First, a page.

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Genetics and immunity of indigenous chicken in Kenya

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dc.contributor.author Khobondo, Joel Onyango
dc.date.issued 2018-10
dc.date.accessioned 2019-03-27T11:37:50Z
dc.date.available 2019-03-27T11:37:50Z
dc.description.abstract Indigenous chicken (IC) are the most common poultry in developing world, found in almost every homestead and constitute over 89% of total chicken populations in Kenya. Contributions of IC to economy include source of income, food security and nutrition. The IC productivity is compromised by diseases that contribute to over 50% of economic losses. This study was undertaken to contribute to improved productivity of indigenous chicken (IC) of Kenya through sustainable breeding for disease tolerance and enhanced immunity by searching for appropriate probiotics. The specific objectives of the study were: 1) to determine the sources of variation of Natural antibodies (Nabs) (IgG, IgM and IgA) binding keyhole limpet hemocyanin (KLH) amongst the IC, 2) to estimate the repeatability and variation of the ELISA assay (Nabs) with time within the IC, 3) to assess the diversity and population structure of IC using LEI0258 Marker, 4) to determine the effects of probiotic on IgM titre levels on IC 5) to determine composition and diversity of microbial populations in the chickens and 6) to identify potential bacterial species for use as probiotics for enhanced immunity. Blood was drawn from the wing vein of IC and plasma separated. Natural antibodies (IgM, IgA, IgG) titre values binding KLH were determined by indirect ELISA. One way ANOVA and Mixed model analyses were used to determine sources of Nab titre variation and estimate repeatability parameter. The IC genetic diversity and population structure was achieved by DNA extraction from blood and genotyping using the MHC linked LEI0258 marker and sequencing of subset of representative alleles. Polymorphism and population genetic parameters were determined using bioinformatic tools. Effect of commercial probiotics on IgM titre values was done by comparing treatment and control means using one factor ANOVA. Metagenomics employed usage of DNA from fecal samples and next generation sequencing. Qiime pipeline was used to call operational taxonomic units OTU) and for alpha and beta diversity analysis of microbial composition. The microbiome abundance between immune competency levels was compared using one factor ANOVA. The results showed presence and variation of Nabs amongst the IC. The variance estimate for chicken components were high and significant for IgM (p=0.003), IgG (p=0.0001) and IgA (p=0.0001).The repeatability of the ELISA assay to Nabs was high in all the immunoglobulin isotypes. Repeatability were 0.68, 0.99 and 0.99 for IgM, IgG and IgA respectively. The LEI0258 locus showed high diversity and presence of four gene pools among the IC. The locus observed high diversity as revealed by the average Shannon's information index of 2.768. The vii mean overall observed heterozygosity and Polymorphic information Content (PIC) was 0.844 and 0.932 respectively for the total population sampled. The central population had the highest observed heterozygosity (0.878) while coastal had the lowest (0.792). Use of commercial probiotic did not have significant effect on IgM titre values of IC. The metagenomics revealed extensive microbial diversity. Candidate bacterial species differed significantly for immune response level. The study recommended routine management practices (e.g. vaccination) for disease control and evaluation of candidate bacterial species for enhanced immunity. Using genetic approaches to improve IC disease tolerance and the proposed bacterial candidates for probiotic will improve animal welfare, ensure friendly environment, has sustainable improvements and address consumer concerns about drug use and reduce the risk of food poisoning. en_US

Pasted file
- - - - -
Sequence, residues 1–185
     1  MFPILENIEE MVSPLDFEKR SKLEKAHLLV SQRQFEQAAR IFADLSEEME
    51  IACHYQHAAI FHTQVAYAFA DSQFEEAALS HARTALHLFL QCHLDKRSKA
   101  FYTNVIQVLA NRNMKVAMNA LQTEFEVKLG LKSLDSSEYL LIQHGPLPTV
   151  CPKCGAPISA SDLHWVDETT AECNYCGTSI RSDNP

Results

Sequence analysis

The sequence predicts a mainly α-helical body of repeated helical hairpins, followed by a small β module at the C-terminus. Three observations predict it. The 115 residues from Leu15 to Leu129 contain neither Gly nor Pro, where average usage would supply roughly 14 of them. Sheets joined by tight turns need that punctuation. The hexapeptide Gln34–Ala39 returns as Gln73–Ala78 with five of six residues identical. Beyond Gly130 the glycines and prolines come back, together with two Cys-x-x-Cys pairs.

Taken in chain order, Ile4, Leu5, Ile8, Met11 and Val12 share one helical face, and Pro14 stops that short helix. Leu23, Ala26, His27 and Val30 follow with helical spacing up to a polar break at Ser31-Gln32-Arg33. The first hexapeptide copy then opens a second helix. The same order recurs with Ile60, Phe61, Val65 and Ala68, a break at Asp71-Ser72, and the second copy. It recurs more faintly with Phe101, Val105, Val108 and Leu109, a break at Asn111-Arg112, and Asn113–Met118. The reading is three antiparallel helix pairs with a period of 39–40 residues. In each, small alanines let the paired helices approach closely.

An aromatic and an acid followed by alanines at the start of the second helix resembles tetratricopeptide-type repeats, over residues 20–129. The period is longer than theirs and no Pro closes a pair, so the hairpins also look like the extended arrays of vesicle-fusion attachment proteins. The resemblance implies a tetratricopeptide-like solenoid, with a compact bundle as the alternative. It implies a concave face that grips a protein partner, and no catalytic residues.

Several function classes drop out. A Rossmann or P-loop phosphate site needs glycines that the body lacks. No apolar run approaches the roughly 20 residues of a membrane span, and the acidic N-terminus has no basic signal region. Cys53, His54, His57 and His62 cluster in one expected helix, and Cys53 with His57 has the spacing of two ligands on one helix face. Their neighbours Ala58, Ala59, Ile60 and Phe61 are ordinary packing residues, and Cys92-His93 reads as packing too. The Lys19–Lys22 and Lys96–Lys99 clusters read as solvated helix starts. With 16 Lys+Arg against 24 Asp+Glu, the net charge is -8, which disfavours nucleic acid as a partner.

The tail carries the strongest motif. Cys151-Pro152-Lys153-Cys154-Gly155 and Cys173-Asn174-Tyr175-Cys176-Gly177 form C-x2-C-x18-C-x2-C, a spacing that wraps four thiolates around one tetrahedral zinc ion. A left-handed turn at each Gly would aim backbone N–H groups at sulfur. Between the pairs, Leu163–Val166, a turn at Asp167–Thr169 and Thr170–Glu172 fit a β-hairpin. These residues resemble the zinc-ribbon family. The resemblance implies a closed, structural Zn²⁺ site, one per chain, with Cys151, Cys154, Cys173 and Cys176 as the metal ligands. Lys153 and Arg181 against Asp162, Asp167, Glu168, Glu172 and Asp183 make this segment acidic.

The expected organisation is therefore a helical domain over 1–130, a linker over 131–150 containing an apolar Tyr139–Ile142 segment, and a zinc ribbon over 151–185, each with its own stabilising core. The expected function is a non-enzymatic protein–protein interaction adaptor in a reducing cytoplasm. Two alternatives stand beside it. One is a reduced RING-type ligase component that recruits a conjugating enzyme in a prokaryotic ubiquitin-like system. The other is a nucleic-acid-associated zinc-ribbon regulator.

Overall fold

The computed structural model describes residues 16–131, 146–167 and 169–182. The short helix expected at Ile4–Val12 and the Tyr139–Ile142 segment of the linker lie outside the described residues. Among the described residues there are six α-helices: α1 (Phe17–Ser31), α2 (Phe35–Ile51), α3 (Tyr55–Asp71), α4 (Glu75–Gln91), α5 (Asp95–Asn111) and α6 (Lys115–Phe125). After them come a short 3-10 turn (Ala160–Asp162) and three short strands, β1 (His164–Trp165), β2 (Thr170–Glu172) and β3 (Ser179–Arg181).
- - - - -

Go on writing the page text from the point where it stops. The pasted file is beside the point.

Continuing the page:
dc.language.iso en en_US
dc.publisher Egerton University en_US
dc.subject Genetics and immunity -- Indigenous chicken en_US
dc.title Genetics and immunity of indigenous chicken in Kenya en_US
dc.type Thesis en_US

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